I'll be back here with a camera.

03/02/02 And back I came. Well worth the climb from Bridge of Allan.

Stone of Mannan (Standing Stone / Menhir)

I first saw this stone when I was still at school and used to hang around here with a friend who lived nearby.
This sturdy, giant, 12 foot stone stands in the centre of the small county town of Clackmannan.
The stone almost certainly doesn't sit in the original landscape but has been revered in history and folklore throughout different ages and now is a symbol of the fierce independance of the old county of Clackmannanshire.
You wont usually find this a particularly serene place, but it is worth the visit, if for no other reason, than to check out the extraordinary phallic nature of this monument - the main part of the stone is at a slight angle and has a large and seperate boulder sitting on top.
It's an absolute rager, sitting right in the middle of this traditional and sleepy looking Scottish town centre.

Parkmill (Standing Stone / Menhir)

-In memory of Dixie and Jeanette-
This stone sits in a field just off the main Alloa to Kincardine road. Comely bank is the raised glacial beach between Alloa and Clackmannan, which overlooks the carselands of the Forth Valley to the south with a sweeping view of the [Ochil] Hillfoots to the north.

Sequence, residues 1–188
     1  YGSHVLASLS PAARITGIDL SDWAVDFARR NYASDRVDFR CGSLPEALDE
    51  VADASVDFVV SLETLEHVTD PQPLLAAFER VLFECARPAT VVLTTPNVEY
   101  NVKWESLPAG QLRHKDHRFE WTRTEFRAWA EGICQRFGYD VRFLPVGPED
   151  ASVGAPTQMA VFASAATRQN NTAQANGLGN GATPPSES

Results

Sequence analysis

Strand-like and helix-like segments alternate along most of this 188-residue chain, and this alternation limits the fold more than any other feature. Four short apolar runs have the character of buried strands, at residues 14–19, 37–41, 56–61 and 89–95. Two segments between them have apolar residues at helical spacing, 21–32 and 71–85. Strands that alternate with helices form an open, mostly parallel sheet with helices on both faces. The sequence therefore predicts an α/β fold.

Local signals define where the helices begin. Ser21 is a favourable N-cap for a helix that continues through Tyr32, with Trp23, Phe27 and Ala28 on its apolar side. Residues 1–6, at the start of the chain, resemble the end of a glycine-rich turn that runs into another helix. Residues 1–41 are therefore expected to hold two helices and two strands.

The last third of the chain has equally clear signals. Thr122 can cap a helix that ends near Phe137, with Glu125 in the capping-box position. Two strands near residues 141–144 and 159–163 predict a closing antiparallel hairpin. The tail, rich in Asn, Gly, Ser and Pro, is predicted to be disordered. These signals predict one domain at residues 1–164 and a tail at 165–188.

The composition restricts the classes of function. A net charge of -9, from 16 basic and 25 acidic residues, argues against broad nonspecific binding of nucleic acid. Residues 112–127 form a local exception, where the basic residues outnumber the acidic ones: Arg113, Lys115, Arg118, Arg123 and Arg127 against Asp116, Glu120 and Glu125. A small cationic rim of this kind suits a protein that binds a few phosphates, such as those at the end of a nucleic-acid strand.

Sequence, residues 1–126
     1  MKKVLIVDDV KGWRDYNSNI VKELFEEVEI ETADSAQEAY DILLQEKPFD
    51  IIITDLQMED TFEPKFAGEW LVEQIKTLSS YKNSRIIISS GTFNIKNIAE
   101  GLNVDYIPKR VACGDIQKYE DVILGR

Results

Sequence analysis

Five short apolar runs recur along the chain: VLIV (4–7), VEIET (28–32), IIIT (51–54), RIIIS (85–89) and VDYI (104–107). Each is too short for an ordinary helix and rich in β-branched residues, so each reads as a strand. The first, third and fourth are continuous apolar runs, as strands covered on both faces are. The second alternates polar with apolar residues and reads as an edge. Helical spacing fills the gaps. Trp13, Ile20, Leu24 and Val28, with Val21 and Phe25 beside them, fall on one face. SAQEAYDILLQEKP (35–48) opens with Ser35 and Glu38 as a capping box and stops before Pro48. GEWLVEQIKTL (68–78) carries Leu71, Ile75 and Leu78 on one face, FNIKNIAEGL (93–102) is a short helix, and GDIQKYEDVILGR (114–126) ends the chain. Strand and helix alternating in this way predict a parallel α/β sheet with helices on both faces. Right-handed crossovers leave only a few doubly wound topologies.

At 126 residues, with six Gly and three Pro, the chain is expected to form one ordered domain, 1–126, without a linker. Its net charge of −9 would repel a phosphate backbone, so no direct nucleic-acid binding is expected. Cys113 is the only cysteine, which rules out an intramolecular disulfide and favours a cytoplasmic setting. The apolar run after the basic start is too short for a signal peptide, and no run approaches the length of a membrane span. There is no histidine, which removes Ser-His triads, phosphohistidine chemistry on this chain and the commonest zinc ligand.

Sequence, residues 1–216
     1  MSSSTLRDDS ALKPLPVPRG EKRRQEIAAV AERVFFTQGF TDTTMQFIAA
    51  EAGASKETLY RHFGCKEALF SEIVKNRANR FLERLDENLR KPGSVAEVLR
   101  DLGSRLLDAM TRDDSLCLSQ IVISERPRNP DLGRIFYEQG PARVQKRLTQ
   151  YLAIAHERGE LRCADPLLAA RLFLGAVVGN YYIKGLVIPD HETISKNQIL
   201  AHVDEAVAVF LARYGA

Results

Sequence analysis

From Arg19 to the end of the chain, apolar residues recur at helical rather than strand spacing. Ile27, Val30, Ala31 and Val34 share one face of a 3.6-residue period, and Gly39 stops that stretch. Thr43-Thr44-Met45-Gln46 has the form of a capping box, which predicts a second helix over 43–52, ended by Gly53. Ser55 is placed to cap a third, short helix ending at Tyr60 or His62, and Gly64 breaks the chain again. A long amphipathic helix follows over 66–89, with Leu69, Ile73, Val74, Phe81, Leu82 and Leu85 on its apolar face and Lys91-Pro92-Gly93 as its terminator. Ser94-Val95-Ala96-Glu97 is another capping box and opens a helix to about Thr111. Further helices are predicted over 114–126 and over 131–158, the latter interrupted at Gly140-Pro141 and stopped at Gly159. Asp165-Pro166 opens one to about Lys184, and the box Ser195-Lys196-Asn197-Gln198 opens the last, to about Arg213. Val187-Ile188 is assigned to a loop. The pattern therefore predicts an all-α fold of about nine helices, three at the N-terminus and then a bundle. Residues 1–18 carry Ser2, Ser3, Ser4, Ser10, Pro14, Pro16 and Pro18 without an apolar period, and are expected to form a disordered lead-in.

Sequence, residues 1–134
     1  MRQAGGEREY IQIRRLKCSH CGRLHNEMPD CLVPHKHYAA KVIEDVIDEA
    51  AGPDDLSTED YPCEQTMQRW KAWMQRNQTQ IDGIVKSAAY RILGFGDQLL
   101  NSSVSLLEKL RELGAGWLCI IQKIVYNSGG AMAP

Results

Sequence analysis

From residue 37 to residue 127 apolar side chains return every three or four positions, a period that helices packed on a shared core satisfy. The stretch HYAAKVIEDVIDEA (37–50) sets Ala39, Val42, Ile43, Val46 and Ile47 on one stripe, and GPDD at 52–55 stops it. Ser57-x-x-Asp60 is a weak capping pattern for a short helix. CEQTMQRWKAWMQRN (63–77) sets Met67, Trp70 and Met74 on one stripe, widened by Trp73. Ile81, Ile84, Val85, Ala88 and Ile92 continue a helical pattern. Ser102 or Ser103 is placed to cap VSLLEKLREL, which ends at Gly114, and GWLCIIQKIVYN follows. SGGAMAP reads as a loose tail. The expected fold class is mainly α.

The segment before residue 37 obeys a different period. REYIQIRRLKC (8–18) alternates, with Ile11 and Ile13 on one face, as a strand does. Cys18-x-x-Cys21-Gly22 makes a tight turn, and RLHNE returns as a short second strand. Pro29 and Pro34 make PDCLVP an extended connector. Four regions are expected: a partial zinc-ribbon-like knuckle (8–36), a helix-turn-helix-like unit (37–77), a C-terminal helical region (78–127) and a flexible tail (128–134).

The stone is a striking slab, which leans at a slight angle, and when you see it from the main road it's 9ft sits on the horizon.
The only feature which gets mentioned is a cross which has been carved onto one side. If the intention of the christian carver[s] were to take mystery and power away from this stone, then it has worked in the sense that it is pretty much ignored nowadays (this of course, could also be a good thing in a way) as the carving makes the stone very unusual and difficult for the historians to fit it easily into any one culture - it just seems to throw everyone. The cross is pretty crude and certainly less intricate than the usual pictish/celtic stones (as has been the suggested origin of the stone) and looks pretty much like a paranoid and rushed christianisation of a previously revered and ancient thing. For these reasons, it seems, no-one wants to claim or talk about this stone. It doesn't even really have a name.
I first visited this site 5 years ago at 2 in the morning with Norie (of the photos) and 2 other night travellers Dixie and the sober Jeanette. Dixie was enthusiastic about this site, had (proffesionally) photographed it several times and that night offered to be our guide while the ever patient and benevolent landlady, Jeannette taxied us there. The guys waded through, what we christened mad grass, a thick stalky crop which took forever to get through, while Jeannete waited with the engine running. We got there eventually (although it should be easier to visit now as the field is more accessable now and folk will of course be more responsible and clearer of mind than we were).